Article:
In today’s age of accessing social media through multiple devices and mobile phones, have we lost the ability to communicate with one another without this medium?
Are we becoming too detached from real life experiences? In my research on the topic, there have been a few articles and research that have pointed to this phenomenon.
This distraction of social media has also made it to morning television to prove a point:
Phone companies are even asking us to put our phones down:
What is interesting is the underlying motivator behind all social interaction – the need to promote one’s ego and the need to check up on your friends and colleagues (in a big brother type of way). This is disguised as ‘news’ and the information is essentially always there (you can always call or meet with them) however it’s presented in an efficient way. Does this promote increased ‘spying’ on your friends and acquaintances? Absolutely. On one hand you will learn a lot about acquaintances (and probably more about your friends) that you may not have known. On the other hand, it is making us very lazy. Think about it. When was the last time you called a friend that you used to speak regularly with, rather than texting or messaging or posting to their profile?
I had a few friends who decided to test out a theory – whether friends would call them if they disappeared off social media and closed their accounts. Guess what? Some were noticed by other friends as missing and received calls from friends in a panic because they wanted to know what happened and if everything was ok. Other friends didn’t feel as much love. These friends realised that many of their friends were too busy to pay attention and decided that they would re-join the sites again. Some of those friends decided that the friends that didn’t even realise weren’t actually friends and decided to treat them as such (both in the online and offline world).
This leads to another issues that is brewing; addiction. We have become so addicted to promoting our egos and the constant worry that we will ‘miss out’ on the latest event or ‘news’ in our friends’ worlds that we actually miss what is happening in the real world in front of us. I have been just as guilty of this. Think about it. How many times have you been in a position where you have had an important event – a birthday, graduation, wedding etc and you have struggled to even clap because you are too busy recording the video or taking a photo of the moment so you don’t miss out? Take it a step further and this photo becomes a profile update or tweet. The amount of times I’ve been out with friends (who have the best intentions and are great people), but are busy updating their status or tagging someone at a location to show they ‘have a life’, has been increasing on a weekly basis.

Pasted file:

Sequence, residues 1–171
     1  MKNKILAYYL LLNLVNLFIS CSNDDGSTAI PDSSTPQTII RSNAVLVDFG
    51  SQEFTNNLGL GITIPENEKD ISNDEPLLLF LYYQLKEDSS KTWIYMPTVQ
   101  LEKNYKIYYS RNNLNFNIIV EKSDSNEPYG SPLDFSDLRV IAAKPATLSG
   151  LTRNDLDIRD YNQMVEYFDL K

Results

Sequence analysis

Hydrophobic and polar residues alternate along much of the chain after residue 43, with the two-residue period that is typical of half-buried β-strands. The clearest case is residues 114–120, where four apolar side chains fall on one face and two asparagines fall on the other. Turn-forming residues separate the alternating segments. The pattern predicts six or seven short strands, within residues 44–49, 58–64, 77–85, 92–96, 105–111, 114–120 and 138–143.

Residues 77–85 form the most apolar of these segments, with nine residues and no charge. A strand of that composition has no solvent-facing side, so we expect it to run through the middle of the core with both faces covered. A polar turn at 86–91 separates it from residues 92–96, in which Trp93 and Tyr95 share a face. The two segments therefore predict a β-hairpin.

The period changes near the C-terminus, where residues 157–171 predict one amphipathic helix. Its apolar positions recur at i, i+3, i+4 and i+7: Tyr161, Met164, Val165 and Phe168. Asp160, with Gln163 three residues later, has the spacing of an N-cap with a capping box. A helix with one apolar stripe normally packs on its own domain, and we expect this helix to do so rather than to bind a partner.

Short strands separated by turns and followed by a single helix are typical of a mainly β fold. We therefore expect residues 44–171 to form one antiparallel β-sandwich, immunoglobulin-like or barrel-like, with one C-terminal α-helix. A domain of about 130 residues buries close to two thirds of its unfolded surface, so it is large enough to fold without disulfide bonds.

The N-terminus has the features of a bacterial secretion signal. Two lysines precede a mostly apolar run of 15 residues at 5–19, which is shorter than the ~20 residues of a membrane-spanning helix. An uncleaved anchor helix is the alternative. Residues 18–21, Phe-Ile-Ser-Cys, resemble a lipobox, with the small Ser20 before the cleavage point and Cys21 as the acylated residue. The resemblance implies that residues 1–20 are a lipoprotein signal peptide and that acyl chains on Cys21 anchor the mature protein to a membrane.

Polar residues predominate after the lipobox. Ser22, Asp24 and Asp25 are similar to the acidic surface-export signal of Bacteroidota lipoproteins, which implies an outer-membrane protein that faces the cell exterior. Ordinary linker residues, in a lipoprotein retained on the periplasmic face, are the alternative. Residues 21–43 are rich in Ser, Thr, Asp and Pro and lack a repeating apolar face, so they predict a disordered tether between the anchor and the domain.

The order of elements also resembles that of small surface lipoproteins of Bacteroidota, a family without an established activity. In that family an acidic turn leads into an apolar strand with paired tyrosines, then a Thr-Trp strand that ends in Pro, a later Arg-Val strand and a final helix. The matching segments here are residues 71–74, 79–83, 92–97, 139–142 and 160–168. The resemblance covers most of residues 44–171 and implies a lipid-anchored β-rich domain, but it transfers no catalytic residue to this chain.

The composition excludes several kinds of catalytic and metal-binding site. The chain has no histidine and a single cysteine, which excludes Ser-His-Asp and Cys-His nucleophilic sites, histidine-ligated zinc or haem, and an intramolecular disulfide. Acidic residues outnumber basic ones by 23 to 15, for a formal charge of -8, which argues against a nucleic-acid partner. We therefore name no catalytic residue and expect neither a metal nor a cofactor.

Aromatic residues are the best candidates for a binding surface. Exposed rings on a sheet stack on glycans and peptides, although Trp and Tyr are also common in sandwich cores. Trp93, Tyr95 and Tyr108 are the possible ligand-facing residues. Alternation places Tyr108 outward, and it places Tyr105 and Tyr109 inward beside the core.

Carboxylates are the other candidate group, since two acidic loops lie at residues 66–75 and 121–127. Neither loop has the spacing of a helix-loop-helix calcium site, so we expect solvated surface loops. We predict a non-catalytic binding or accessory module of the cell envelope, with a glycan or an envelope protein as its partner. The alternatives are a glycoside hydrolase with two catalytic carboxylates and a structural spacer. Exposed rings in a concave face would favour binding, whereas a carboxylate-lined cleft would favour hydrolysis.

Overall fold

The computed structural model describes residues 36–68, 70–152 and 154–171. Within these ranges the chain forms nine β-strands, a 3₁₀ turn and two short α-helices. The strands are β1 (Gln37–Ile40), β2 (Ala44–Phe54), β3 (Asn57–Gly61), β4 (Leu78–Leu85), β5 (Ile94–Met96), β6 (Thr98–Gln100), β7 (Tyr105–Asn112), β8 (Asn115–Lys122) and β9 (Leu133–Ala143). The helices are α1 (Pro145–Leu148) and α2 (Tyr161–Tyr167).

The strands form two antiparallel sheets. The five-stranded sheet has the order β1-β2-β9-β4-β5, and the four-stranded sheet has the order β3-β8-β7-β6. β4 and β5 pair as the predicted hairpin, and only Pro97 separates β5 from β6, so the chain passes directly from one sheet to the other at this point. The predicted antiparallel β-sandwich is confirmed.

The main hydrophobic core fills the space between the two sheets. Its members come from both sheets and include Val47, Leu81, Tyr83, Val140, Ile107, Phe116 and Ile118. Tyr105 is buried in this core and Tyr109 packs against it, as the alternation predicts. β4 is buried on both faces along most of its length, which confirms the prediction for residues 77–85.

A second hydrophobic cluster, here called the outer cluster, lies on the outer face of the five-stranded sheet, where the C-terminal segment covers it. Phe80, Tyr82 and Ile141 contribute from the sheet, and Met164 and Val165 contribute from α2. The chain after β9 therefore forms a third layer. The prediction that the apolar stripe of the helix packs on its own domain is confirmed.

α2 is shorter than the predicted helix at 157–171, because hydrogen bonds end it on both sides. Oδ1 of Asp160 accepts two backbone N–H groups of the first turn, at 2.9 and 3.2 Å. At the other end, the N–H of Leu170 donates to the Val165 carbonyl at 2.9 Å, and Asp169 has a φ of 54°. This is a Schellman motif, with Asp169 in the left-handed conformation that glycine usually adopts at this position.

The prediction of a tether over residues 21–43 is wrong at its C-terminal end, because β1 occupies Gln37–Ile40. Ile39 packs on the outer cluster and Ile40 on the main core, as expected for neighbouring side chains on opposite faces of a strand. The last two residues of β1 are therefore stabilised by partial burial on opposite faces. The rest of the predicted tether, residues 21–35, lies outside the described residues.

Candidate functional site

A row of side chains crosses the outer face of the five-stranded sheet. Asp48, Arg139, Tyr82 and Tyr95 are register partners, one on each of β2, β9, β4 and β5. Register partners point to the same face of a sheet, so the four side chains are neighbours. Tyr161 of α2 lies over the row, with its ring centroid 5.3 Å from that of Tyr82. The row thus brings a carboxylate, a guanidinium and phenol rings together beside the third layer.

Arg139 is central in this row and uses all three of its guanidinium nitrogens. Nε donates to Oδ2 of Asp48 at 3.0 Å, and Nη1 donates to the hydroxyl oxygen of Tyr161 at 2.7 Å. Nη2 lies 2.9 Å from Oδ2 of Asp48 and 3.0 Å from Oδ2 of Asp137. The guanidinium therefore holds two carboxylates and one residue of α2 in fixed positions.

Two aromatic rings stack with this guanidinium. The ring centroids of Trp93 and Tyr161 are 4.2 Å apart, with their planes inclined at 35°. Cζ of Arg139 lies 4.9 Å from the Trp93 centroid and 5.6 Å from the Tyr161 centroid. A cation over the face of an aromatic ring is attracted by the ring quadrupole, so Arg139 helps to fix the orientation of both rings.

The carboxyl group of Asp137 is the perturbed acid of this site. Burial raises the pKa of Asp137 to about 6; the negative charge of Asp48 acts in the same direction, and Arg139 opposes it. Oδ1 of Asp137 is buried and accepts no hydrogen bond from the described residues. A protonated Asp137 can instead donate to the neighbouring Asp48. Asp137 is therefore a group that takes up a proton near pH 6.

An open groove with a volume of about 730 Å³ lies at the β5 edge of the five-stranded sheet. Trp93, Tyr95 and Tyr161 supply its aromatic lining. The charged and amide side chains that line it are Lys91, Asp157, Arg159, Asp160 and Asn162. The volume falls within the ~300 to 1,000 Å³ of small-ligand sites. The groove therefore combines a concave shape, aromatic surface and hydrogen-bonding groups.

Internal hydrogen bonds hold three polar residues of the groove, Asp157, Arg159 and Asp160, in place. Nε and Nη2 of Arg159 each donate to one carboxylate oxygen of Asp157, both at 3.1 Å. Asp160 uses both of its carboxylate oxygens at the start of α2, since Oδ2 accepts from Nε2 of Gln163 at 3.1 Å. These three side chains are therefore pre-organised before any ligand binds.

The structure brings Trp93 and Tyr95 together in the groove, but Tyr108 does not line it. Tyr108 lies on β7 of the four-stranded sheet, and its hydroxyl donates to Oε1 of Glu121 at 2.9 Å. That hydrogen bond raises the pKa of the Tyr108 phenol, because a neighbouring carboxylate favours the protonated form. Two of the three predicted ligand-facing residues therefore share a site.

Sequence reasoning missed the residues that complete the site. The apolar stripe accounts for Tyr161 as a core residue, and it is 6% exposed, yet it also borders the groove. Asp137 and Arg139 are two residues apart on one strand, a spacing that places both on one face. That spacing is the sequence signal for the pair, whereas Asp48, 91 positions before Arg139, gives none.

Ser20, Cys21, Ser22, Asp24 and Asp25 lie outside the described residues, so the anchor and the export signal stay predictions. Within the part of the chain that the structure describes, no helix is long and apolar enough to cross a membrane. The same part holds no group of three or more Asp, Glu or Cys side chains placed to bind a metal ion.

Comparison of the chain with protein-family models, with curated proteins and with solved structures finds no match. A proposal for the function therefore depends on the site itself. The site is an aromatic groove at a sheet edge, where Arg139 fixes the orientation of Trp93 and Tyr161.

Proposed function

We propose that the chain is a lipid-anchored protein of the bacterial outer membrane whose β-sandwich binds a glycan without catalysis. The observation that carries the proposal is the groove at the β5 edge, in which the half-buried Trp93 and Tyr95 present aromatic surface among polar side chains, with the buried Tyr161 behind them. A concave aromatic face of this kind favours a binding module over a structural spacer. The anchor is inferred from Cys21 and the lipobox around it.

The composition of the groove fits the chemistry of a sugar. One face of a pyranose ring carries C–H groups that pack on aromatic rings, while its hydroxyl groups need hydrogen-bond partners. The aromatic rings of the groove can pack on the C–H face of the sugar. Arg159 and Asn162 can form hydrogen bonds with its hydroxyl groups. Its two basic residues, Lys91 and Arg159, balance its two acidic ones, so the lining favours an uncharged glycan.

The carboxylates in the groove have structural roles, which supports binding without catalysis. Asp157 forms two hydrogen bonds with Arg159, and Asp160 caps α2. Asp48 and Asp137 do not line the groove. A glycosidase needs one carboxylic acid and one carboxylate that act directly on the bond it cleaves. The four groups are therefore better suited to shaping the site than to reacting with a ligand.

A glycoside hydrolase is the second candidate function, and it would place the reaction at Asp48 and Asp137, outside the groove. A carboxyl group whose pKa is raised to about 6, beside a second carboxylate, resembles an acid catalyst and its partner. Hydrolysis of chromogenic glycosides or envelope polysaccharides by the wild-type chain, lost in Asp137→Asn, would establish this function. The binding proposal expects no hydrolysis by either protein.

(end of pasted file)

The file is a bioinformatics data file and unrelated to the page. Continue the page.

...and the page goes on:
Then there’s the dreaded ‘selfie’. This very saying is the epitome of what it is all about – the ego.
Conversations are becoming less meaningful with the depth of a conversation becoming shallower due to the constant distraction of social media. Attention is fast disappearing and is now becoming more focused on the social media platforms we hold so dear.
If this continues, I fear a world in which the next generation will not be able to communicate over a simple catch up at a café or a friend’s place, but will be done through social media (even in the same room) because the communication skills are lacking.
If you think this isn’t going to happen, I can only point to the reliance on computers for communication rather than hand-writing. This has led to a plethora of illegible handwriting from many adults and even poor spelling and grammar due to our favourite time-saver: autocorrect.
My advice? Use in moderation and don’t forget to live in the actual moment. Balance is the key to a meaningful experience. Have times where you will ‘catch up’ on the latest news from your friends and enjoy the time you have with your loved ones in the present. Enjoy the present because it is what guides your future.